Based in Denver, Colorado, the Law Offices of Kevin S. Neiman, pc represents virtually every constituency in Chapter 11 (reorganization) business and individual bankruptcy cases, including business and individual debtors; secured, undersecured, and unsecured creditors; administrative expense claimants; and trustees, committees of unsecured creditors, and creditors on committees.
The Chapter 11 process is complicated, nuanced, and necessarily requires lawyers who have substantial Chapter 11 experience, knowledge, and abilities in order for clients to be meaningfully and adequately represented. Kevin has been counseling clients in Chapter 11 cases since 1996, initially in Miami, Florida, and now in Denver, Colorado, minutes from where the main Colorado bankruptcy courthouse is located.Call 303.996.8637
A debtor is the business or individual that is the subject of a bankruptcy petition, usually filed voluntarily by the debtor, but sometimes filed involuntarily by a creditor or several creditors.
A secured creditor has a pre-bankruptcy claim against the debtor that is secured by a charge against or interest in property to secure payment of a debt or performance of an obligation – i.e., the creditor is secured by a lien.
An undersecured creditor has a pre-bankruptcy claim against the debtor that is secured by a charge against or interest in property to secure payment of a debt or performance of an obligation – i.e., the creditor is secured by a lien. However, the value of the property secured by the lien is not enough to fully satisfy the amount owed to the creditor. Thus, the creditor is partially secured and partially unsecured.
An unsecured creditor has a pre-bankruptcy claim against the debtor, but the creditor does not have any lien to secure payment of a debt or performance of an obligation. In bankruptcy, creditors can be unsecured, but also entitled to priority up to certain amounts over other unsecured creditors if their claim is of a particular type such as domestic support obligations; wages, salaries, and commissions; contributions to employee benefit plans; and specific types of money deposits. If a creditor is not entitled to any such priority, the creditor is sometimes called a general unsecured creditor.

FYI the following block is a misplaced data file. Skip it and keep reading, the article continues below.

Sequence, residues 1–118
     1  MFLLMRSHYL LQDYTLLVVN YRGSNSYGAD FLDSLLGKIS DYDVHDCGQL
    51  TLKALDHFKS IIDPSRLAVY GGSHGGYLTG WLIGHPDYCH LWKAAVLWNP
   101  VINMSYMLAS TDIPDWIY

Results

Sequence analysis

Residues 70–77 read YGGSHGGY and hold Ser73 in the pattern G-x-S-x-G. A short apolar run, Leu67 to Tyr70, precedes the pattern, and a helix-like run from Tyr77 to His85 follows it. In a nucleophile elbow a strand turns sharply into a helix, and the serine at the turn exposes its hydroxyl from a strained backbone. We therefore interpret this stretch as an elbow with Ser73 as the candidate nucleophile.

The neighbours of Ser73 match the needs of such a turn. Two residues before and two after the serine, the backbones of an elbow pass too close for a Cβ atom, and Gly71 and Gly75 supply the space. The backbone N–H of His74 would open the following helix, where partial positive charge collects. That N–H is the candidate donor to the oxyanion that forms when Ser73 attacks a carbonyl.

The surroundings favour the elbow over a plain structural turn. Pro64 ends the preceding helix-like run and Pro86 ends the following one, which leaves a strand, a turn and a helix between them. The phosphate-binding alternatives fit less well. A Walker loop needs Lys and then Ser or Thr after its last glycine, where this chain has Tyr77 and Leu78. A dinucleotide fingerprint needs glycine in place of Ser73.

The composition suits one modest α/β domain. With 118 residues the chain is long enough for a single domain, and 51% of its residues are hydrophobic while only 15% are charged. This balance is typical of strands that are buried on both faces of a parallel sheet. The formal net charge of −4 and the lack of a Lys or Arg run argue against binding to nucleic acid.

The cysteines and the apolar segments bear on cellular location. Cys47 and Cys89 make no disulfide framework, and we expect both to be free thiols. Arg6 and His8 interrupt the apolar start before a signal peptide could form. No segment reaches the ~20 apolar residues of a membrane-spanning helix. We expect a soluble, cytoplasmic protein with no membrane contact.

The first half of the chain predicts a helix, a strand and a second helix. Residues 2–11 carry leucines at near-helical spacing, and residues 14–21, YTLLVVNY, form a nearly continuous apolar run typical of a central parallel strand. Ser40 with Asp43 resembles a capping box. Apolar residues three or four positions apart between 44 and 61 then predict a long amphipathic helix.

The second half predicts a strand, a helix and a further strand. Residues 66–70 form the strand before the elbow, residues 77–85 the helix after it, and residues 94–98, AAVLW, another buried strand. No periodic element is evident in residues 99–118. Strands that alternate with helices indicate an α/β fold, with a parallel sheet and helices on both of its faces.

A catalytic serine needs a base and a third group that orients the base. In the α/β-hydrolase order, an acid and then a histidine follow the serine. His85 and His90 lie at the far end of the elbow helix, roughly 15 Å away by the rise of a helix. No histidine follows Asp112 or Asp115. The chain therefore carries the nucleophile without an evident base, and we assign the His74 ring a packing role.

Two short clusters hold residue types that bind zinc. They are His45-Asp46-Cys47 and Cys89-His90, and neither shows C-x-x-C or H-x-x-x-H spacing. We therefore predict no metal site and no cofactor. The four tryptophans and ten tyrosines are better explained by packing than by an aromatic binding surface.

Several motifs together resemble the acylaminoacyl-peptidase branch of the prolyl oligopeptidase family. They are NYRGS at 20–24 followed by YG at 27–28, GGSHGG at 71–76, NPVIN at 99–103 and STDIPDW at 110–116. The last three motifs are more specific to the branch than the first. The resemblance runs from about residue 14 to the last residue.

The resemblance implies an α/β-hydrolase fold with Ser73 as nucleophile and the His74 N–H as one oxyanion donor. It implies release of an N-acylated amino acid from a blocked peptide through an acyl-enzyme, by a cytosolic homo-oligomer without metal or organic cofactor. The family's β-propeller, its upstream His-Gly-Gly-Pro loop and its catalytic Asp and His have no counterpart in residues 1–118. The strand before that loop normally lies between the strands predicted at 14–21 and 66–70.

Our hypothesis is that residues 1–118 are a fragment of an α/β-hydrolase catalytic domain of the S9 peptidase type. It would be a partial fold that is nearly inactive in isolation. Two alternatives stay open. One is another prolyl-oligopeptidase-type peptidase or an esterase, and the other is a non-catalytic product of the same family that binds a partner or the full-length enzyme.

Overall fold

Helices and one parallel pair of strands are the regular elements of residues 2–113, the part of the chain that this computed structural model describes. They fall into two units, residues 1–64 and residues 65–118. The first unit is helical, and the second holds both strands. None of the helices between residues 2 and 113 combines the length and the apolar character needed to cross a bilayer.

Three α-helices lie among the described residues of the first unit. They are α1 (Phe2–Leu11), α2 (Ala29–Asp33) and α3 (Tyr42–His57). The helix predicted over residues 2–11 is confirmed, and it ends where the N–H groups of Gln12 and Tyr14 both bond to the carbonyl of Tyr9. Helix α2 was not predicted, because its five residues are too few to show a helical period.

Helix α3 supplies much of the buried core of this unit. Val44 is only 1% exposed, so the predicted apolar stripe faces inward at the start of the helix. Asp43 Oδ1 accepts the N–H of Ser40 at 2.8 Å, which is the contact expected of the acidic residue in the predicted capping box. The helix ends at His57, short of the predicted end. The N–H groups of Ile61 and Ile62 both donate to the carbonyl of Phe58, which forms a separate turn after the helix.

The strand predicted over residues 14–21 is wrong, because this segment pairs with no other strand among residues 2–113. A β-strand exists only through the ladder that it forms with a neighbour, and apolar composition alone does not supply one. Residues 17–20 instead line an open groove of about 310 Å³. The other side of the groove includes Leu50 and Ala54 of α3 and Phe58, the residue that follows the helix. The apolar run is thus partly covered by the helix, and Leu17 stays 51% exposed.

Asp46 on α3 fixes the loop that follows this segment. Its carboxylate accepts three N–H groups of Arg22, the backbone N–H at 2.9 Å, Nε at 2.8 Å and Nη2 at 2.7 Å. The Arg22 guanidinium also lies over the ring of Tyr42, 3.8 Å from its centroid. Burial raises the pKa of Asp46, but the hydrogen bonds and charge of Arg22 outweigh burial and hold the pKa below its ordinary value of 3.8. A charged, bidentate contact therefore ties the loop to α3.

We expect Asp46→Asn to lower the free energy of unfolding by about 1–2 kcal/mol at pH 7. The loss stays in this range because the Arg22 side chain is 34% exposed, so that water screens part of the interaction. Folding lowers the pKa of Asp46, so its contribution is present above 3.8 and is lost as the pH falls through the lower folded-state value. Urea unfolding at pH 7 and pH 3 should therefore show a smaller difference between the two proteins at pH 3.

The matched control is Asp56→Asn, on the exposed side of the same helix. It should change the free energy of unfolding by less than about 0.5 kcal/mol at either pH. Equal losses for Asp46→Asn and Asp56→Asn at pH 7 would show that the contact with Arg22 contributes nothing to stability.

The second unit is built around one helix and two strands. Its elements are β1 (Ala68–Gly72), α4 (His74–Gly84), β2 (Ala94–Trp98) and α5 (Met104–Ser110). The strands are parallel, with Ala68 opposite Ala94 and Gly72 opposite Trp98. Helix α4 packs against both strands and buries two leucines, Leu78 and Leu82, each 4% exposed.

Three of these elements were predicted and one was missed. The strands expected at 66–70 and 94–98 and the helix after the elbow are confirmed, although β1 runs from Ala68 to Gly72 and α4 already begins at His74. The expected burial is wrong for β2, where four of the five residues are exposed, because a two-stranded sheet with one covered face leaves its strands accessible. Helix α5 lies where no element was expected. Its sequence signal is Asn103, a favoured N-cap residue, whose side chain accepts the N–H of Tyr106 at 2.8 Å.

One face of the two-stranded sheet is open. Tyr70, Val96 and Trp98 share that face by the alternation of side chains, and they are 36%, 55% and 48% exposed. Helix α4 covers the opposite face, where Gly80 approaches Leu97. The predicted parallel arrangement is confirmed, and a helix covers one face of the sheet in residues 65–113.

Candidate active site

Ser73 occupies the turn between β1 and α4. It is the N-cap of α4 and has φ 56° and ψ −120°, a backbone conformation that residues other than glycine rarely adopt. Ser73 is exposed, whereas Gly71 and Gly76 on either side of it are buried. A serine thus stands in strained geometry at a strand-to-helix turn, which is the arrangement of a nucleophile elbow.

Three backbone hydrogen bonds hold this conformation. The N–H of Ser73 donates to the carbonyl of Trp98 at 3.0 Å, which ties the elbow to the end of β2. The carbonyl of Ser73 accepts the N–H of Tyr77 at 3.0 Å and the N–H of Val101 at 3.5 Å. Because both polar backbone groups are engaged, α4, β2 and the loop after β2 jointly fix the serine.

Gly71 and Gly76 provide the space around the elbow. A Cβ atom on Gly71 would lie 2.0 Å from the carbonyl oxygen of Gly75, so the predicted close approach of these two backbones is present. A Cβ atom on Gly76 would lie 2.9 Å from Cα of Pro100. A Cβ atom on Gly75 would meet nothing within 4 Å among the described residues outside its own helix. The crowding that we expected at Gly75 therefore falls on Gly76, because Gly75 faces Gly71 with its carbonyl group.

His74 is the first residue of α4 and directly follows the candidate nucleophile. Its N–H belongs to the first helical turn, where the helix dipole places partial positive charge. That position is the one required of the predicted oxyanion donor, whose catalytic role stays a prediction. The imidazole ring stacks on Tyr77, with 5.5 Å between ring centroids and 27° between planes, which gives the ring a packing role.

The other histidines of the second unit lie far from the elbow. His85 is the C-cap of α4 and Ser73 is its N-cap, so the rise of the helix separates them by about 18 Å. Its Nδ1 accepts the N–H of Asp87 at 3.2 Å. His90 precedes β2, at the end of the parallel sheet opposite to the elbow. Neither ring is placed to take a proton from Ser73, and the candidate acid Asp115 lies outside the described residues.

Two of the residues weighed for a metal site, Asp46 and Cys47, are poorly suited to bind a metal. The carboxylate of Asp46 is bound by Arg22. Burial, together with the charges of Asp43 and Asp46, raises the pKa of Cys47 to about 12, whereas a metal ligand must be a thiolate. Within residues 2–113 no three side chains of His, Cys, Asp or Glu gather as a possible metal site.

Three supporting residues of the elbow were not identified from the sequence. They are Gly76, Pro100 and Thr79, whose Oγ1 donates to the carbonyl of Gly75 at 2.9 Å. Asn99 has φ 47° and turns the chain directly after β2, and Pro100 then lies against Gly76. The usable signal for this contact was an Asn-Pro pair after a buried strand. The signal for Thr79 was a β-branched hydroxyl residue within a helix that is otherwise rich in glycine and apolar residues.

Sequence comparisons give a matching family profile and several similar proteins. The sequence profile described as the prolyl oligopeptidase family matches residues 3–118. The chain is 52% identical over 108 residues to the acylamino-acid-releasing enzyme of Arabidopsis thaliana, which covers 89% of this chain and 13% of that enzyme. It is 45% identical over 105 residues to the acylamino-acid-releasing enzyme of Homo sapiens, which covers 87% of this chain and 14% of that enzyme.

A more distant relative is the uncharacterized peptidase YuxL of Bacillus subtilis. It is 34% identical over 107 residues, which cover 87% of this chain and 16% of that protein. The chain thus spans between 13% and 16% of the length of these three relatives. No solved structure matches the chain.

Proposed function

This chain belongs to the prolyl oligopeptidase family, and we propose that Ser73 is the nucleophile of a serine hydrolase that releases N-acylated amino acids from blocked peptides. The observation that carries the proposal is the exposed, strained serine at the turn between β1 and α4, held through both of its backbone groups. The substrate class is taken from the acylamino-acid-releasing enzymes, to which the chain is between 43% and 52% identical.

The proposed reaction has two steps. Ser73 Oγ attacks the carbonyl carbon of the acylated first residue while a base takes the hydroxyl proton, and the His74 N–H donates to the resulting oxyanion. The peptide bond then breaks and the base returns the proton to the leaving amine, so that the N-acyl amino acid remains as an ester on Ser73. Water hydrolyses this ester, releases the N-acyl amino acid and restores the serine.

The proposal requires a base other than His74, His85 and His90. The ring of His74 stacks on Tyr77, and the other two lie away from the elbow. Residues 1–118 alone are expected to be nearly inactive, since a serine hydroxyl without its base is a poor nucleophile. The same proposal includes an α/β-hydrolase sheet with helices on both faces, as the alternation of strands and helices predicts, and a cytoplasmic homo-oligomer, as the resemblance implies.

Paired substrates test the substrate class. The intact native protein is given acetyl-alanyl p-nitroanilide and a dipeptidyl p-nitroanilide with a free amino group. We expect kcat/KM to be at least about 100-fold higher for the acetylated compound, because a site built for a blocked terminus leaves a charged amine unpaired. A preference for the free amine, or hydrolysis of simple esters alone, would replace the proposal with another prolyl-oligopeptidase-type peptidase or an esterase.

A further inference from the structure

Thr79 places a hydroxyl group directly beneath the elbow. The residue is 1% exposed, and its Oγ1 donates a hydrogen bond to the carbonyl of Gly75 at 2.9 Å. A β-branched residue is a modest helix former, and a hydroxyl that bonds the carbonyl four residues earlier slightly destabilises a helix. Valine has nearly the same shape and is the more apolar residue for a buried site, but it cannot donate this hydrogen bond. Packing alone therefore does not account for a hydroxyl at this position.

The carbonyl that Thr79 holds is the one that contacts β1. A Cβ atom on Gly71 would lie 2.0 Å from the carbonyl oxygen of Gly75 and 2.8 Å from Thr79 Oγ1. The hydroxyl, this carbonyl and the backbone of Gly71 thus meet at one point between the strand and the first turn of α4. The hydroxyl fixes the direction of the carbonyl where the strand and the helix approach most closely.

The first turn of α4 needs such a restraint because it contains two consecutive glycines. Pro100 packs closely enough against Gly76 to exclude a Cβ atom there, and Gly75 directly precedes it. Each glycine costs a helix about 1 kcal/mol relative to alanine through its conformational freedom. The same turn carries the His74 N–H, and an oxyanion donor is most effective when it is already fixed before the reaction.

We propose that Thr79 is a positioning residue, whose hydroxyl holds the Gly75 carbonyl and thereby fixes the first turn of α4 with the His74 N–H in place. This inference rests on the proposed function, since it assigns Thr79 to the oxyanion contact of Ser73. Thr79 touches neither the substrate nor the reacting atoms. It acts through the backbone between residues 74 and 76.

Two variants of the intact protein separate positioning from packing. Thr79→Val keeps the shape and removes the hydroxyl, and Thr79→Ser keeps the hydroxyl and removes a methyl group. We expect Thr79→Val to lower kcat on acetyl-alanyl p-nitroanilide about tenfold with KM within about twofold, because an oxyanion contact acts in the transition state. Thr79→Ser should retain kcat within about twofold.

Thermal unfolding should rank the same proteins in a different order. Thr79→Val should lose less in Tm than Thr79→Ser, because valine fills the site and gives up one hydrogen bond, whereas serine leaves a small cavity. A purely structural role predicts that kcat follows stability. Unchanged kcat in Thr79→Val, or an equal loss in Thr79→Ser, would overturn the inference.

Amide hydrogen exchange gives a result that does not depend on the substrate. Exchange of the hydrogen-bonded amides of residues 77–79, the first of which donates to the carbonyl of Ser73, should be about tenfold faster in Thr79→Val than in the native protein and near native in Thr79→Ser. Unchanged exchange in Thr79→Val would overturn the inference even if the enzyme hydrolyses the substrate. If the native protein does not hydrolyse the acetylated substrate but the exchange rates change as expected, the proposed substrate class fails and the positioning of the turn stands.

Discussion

An administrative expense claimant has a post-bankruptcy claim that, generally, helps preserve the debtor’s bankruptcy estate. Examples include wages, salaries, and commissions for services rendered after the commencement of the bankruptcy case; and post-bankruptcy taxes.
A Chapter 11 trustee can be appointed in a Chapter 11 case to replace the debtor’s management while the debtor is in Chapter 11, often when there is evidence of fraud, dishonesty, incompetence, or gross management in the affairs of the debtor by current management. Also, liquidating trustees can be appointed, usually through a confirmed plan of liquidation or similar mechanism.
A committee of unsecured creditors is a committee consisting of creditors that hold unsecured claims in a Chapter 11 case that generally look out for the interests of the unsecured creditor body as a whole. They have considerable powers, including rights related to consulting with the debtor or trustee concerning administration of the case, investigating any matter relevant to the case or to the formulation of a plan, and participating in the formulation of a plan.